The Season Can Be Bright: The Holidays and Dementia Hero Image

The Season Can Be Bright: The Holidays and Dementia

It’s that wonderful time of year when we gather with family and friends to share, laugh and love. However, people living with Alzheimer’s or other forms of dementia may feel sadness, stress or loss. With added concerns brought on by COVID-19, the holidays can seem even more overwhelming. So how can this be a safe and enjoyable holiday anyway?

First and foremost, whether hosting at home or visiting others, plan ahead!

The safest option is to limit face-to-face gatherings to people within your household. Avoid inviting guests who live far away or live in areas with high rates of transmission as travel increases the likelihood of spreading or contracting COVID-19. If that isn’t possible, try these tips to safely celebrate with family and friends with an eye on the safety and comfort of the person experiencing dementia.

Make sure guests are fully vaccinated with both the COVID-19 and seasonal flu vaccines. It’s still a good idea to wear masks, get tested, social distance and follow other safety measures encouraged by the CDC. If the person living with dementia resides in a memory care community, check the community’s visitation policies.

Discuss the upcoming gathering with guests by phone, email or a group video call. Explain the situation and the changes caused by the disease. Request that guests adjust their expectations and be patient; explain the safety precautions necessary for your loved one’s health. Encourage them to help come up with creative seating arrangements for distancing as well as designated food and drink servers.

“Those with memory or cognitive impairment can get overwhelmed and overstimulated easily,” said Michelle Rivers, Nurse Manager for Wesley. “Keeping visits and events on the shorter side can be helpful.

“Be mindful of the number of visitors at one time as well as the questions they may ask,” continued Michelle. “Introduce everyone or wear name tags.”

Asking someone if they remember events or people can unnecessarily inflame what may already be a stressful visit. Try sharing memories, such as a family trip or cooking special meals together. Avoid asking “Do you remember when…”

It’s probably best that friends and family don’t make impromptu visits to drop off gifts or cards. Ask that they call ahead, which allows you to plan and have a discussion with your loved one about who’s coming. Another option is for families to mail gifts, which can be opened during a video call for a group experience.

Social distancing of six feet is still acceptable. Have family members schedule a time to drop off baked goods or care packages, drive by with a holiday parade of festive signs and balloons or have an outdoor visit with hot cider or cocoa. Family can participate in a neighborhood walk to enjoy holiday lights and decorations. These are all things that can be done earlier in the day if your loved one experiences evening confusion (aka sundowning).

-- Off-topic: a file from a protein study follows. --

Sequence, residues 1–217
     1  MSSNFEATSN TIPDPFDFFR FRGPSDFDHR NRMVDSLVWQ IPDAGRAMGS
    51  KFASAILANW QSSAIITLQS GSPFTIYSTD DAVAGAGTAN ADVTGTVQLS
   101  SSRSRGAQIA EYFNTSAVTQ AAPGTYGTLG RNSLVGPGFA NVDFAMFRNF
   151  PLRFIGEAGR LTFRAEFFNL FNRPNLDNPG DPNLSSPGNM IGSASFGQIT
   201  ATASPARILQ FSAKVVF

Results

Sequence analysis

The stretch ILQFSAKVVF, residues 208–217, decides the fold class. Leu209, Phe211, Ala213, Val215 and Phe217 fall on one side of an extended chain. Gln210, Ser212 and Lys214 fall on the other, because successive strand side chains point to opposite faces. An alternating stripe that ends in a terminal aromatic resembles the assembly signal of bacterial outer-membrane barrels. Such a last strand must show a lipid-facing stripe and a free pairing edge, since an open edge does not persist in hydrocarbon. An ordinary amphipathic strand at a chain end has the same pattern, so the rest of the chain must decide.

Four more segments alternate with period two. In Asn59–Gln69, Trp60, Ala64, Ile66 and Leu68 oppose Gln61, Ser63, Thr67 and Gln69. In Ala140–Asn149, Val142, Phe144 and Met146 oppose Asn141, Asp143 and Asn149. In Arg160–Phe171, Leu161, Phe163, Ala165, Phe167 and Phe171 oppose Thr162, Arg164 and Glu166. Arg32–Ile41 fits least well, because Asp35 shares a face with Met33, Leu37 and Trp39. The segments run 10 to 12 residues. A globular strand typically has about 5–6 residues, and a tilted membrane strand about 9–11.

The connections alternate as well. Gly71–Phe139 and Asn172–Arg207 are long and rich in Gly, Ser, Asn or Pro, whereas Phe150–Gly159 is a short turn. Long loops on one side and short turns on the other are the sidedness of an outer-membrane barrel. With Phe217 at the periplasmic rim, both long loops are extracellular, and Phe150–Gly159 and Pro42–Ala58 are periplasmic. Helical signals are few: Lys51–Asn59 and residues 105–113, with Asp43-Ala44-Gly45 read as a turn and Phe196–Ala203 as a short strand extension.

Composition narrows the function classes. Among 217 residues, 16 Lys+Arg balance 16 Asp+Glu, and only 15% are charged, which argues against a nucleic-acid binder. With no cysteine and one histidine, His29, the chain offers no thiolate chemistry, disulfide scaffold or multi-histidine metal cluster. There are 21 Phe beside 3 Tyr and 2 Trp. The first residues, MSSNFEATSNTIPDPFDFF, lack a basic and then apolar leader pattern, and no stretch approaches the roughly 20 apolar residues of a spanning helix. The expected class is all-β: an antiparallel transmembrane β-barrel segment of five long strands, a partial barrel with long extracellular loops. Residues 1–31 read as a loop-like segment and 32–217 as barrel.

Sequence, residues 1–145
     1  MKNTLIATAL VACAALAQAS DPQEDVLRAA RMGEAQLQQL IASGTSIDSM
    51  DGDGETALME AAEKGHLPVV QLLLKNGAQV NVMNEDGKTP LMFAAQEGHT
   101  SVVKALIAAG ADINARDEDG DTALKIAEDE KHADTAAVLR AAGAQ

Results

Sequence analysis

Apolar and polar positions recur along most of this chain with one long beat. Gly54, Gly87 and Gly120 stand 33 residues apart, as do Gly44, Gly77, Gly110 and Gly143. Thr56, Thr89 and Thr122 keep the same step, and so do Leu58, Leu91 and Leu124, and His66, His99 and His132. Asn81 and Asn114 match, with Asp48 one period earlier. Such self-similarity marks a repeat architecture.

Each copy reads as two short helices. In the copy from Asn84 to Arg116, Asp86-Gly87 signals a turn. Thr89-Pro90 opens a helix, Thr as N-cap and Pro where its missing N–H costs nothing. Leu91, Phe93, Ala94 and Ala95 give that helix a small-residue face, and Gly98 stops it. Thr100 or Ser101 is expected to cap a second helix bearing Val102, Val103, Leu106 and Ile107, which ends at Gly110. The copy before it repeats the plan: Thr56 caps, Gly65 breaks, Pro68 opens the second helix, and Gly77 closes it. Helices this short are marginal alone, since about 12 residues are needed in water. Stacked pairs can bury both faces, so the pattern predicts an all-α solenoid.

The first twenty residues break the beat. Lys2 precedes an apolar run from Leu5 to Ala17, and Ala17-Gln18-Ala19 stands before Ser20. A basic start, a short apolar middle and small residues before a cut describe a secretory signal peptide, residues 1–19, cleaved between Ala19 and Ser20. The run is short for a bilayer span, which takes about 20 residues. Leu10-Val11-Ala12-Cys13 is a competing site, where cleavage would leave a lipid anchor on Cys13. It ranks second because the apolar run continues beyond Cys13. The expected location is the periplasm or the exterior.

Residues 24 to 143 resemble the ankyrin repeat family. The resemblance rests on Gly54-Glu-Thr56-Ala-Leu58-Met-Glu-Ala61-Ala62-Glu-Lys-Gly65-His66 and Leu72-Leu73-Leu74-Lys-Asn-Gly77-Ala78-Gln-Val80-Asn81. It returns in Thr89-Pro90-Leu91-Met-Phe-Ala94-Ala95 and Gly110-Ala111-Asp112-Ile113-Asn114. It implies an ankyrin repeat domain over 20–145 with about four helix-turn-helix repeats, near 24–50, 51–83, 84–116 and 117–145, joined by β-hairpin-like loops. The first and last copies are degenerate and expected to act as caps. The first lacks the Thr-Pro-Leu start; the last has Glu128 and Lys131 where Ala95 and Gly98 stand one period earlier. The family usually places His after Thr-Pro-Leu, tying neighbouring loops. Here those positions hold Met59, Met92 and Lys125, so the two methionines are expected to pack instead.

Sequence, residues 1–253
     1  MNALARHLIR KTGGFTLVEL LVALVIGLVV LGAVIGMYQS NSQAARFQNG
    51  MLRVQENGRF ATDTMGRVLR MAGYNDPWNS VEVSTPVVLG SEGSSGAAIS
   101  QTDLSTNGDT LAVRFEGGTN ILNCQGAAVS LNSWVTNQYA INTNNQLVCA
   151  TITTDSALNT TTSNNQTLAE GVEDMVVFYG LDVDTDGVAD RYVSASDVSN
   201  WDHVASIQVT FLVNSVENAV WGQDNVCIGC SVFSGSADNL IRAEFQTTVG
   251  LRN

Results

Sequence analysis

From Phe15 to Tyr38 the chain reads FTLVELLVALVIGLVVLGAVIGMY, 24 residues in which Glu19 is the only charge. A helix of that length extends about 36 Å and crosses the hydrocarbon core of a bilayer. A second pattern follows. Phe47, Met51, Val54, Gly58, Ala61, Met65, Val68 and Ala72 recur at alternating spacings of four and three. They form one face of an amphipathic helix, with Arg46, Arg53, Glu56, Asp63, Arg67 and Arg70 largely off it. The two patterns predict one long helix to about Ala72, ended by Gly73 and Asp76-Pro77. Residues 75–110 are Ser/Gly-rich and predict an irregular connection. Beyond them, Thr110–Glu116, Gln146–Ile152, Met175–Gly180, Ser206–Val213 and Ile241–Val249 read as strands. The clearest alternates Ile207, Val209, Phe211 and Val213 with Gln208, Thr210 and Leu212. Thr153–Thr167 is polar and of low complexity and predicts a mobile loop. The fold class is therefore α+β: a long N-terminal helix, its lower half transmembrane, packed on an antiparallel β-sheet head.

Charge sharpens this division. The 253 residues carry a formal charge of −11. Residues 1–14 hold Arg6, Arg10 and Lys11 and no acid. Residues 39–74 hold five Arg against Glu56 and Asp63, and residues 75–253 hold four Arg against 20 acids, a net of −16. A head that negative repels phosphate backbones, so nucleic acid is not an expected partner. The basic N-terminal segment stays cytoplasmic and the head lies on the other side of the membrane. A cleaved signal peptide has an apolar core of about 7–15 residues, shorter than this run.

If your loved one wanders or experiences sundowning, keep on hand a close-up photo of the person as well as a list of known places the person may seek. If possible, become familiar with the neighborhood.

When attending a gathering isn’t possible, try using video call software like Skype or Zoom to connect with family. Keep in mind that cross talk and simultaneous conversations can be challenging for people living with dementia. Structure the video call by making a family recipe, singing carols or sharing photos of past holidays together. If a video call isn’t on the table, connect via a simple phone call.

Continue the person’s normal routine as much as possible to help avoid confusion, but include the person in the festivities: wrapping packages, preparing food, setting the table or decorating. Try to avoid using artificial fruits, candies and vegetables as decorations since a person living with dementia might think they are edible. Blinking lights can also confuse the person.

“Giving them something simple to help with is a great way to include them and give them a sense of purpose. Quite often those in earlier stages know they are having some difficulty, and they try to mask these with laughter or sometimes anger. Ultimately, the focus should be on the quality of the time spent together and not the quantity of time,” said Michelle.

By including the loved one who’s experiencing dementia, family and friends can build on traditions and memories by creating new memories they can share. Plus, your caregiving responsibilities become less stressful, and you can enjoy the holidays, too.

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